It’s also worth pointing out that when we see or hear an expert on TV or in the media that the selection process is not so stringent as one might think. I once asked a radio producer why he favoured one particular self-appointed media analysist (with a religious emphasis) over the official regulating bodies such as Ofcom or the BBFC? The answer came: because they are easier to get hold off and more willing to talk on local radio. So the expert may not be the best one for the job,  just the closest and most amenable.

(There’s also a lot of truth in Anderson’s song, that only an expert knows how to create a problem too).

Evidence-based psychology has so much to say about the human endeavour but is often not see so ‘sexy’ as pop psychology and ‘experts’ without any ethical code, who can say and do just about anything that makes good TV. It’s wise to be wary of ‘experts’  (X-spurts) who invent syndromes that can be cured by buying a particular product, or experts that claim that they can ‘reprogram’ your mind. Also, beware of experts who claim they can read a celebrities mind just be looking an an intrusive pap-snap. They can’t. Body language needs to be viewed in context and if they are a member of The British Psychological Society (BPS), they are not supposed to be doing it anyway.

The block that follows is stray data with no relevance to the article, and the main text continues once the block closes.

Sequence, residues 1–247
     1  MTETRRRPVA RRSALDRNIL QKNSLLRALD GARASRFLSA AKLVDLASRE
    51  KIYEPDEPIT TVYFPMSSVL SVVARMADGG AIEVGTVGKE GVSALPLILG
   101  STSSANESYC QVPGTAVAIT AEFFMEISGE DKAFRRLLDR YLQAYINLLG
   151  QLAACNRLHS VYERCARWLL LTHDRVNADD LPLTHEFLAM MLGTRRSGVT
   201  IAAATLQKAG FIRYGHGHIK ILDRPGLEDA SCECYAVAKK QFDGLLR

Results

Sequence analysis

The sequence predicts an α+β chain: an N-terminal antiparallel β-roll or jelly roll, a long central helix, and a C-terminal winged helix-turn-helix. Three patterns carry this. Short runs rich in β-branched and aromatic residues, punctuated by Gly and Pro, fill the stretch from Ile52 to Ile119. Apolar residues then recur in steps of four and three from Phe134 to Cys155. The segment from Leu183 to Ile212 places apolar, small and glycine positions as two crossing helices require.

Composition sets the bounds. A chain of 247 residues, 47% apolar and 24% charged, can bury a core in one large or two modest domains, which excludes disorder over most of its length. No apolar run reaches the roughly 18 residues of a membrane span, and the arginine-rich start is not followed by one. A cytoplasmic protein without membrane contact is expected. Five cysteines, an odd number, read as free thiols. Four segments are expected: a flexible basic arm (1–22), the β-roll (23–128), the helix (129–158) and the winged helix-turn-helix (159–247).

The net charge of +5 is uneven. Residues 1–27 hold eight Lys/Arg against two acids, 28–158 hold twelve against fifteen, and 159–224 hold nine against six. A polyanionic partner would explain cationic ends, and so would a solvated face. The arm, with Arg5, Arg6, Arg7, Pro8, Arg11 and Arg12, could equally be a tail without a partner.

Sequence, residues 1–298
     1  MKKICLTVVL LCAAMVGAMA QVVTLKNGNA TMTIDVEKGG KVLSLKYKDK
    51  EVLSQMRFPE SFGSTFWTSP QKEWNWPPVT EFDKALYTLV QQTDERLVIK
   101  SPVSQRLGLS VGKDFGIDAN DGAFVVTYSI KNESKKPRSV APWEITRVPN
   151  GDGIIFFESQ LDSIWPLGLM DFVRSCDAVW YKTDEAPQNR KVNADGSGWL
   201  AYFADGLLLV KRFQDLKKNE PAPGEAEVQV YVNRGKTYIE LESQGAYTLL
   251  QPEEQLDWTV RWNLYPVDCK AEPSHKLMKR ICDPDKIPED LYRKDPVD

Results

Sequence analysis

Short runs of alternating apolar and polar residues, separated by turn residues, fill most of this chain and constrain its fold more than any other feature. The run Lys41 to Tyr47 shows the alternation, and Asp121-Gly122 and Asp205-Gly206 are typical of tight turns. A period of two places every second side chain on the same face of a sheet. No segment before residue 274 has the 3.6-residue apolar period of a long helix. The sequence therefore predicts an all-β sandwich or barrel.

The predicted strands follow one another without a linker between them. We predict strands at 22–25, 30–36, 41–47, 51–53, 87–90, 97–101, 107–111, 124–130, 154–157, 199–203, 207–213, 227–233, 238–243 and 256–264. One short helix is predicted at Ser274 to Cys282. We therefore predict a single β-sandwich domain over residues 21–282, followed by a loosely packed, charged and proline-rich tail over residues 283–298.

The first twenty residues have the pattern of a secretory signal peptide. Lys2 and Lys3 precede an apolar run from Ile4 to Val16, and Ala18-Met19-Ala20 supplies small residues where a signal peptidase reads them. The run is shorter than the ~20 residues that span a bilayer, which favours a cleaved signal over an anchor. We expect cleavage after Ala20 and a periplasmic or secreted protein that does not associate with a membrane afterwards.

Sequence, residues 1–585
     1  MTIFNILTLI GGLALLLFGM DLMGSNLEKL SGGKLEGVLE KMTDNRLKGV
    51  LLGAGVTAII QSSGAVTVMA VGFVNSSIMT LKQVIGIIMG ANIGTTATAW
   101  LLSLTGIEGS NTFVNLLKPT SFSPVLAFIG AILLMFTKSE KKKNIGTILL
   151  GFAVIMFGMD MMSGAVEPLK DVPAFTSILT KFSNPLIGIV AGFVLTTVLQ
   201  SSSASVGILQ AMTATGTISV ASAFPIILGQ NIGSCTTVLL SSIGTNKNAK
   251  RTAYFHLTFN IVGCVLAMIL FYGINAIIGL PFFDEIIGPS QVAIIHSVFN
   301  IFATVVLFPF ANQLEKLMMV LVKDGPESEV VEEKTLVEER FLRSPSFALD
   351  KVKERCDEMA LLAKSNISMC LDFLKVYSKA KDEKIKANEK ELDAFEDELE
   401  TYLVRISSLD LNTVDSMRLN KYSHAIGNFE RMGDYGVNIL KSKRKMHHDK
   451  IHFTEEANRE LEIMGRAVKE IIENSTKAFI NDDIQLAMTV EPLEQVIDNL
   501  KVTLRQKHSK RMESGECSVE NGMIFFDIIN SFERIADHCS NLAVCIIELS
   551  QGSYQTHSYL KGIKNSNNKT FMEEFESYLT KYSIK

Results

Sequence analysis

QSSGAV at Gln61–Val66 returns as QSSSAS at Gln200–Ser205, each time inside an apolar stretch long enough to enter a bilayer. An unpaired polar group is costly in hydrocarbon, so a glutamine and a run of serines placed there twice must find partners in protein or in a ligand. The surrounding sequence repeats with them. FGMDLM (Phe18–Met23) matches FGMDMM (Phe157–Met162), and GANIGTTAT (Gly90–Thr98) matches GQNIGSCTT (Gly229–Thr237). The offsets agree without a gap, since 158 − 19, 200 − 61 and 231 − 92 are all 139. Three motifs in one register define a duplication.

Each of us has the answers to our own problems, and it sometimes need a qualified professional to provide the strategies to draw those solutions out of us.  If you decide you need an expert to assist you, make sure you check out their credentials. Do they actually have any qualifications? Where did they get them? If someone has a PhD from some obscure, Internet-based organization, it might not be worth a damn. For instance, in Britain, all PhD theses have to be filed with The British Library. However, that is only from accredited Universities. Also, beware of how experts refer to themselves. A qualification in NLP or hypnotherapy no more entitles them to call them psychologists as owning a steak knife entitles anyone to call themselves a surgeon. (There’s little or no evidence that NLP lives up to the bold claims of it’s more enthusiastic practitioners).

The upshot is, if you need an expert to help you solve your problems, make sure your experts have the qualifications, the tools and the skills for the job, not that they are just the first in the phone book or the closest to you. Don’t be afraid to check them out and ask questions. If you don’t get satisfactory answers, then move on!

Here’s a video of Laurie Anderson performing the hypnotic ‘Only An Expert’ (sung in English with French subtitles):